• Wire brush
  • Blue thread lock
  • Brake cleaner
  • Permatex brake pad lube
  • Silicone grease

Front Rotor Removal

Front rotor wear is more common than rear, and that’s no surprise since they carry the weight of the vehicle under braking. Most vehicles employ what’s known as free floating brake calipers, as they’re the most common type, I’ve used them in this guide. The less common fixed caliper may be fitted to larger commercial vehicles, high performance cars and classic.

Floating brake caliper

The rotor removal process looks like this:

  • Park vehicle on level hard surface
  • Loosen lug nuts
  • Jack vehicle
  • Fit axle stand
  • Remove wheel
  • Loosen rotor face fastener (Torx or Star head)
  • Turn steering wheel fully outwards
  • Open hood and loosen brake fluid reservoir cap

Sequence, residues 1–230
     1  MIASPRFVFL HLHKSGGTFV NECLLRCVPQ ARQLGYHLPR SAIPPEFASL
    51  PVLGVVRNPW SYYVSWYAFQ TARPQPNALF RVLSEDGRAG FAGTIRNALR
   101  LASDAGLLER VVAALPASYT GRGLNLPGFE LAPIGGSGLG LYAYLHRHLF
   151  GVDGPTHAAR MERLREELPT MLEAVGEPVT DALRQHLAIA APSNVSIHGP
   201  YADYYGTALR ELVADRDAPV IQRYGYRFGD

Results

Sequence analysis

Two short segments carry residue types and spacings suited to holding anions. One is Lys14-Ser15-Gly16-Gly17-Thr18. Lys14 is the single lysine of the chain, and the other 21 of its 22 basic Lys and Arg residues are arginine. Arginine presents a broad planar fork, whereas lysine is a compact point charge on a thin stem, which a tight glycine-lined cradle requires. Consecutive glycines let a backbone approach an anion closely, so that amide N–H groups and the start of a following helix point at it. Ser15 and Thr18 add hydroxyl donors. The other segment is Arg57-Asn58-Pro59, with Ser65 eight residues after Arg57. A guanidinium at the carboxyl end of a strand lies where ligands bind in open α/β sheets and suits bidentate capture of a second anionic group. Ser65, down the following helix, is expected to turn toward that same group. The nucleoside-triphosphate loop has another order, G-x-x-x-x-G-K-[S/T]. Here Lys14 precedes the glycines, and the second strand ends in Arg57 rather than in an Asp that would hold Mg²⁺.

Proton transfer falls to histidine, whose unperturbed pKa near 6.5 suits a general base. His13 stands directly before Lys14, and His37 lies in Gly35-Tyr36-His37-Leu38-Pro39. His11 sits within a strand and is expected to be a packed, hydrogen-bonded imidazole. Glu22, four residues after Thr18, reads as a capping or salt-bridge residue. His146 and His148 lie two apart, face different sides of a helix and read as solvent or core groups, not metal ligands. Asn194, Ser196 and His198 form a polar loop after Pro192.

• Using flat screwdriver slowly lever the piston backwards
  • Remove caliper clip (if fitted)
  • Loosen brake caliper fasteners
  • Remove brake pad sensor wire (if fitted)
  • Remove caliper and suspend from coil spring using bungee
  • Remove brake pads and discard (note pad clip location, if fitted)

So far the story is pretty typical of all free floating calipers. For some lucky DIYers, the rotor can be removed at this stage, Nice!

However, most will need to go one step further and remove the brake caliper carrier. The carrier is easily identified as it’s the metal component the brake caliper is/was fastened to.

Brake component guide

Brake carrier removal as follows:

  • Using a breaker bar, loosen both carrier fasteners (located behind the wheel knuckle)
  • Remove the carrier

You’re now free to remove the rotor. However, on occasion the rotor may remain stuck to the hub. If this sounds like your problem, the solution is as follows:

Note we’ll be striking the rotor, so best to wear eye protection in addition if your vehicles lug nut threads are exposed, thread the nuts on a turn to help protect the threads from a potential damage when using the hammer.

  • Using a ball head hammer (preferred), strike the rotor sharply, head on, around the hub

Front Rotor Fitting

Cleaning new Rotors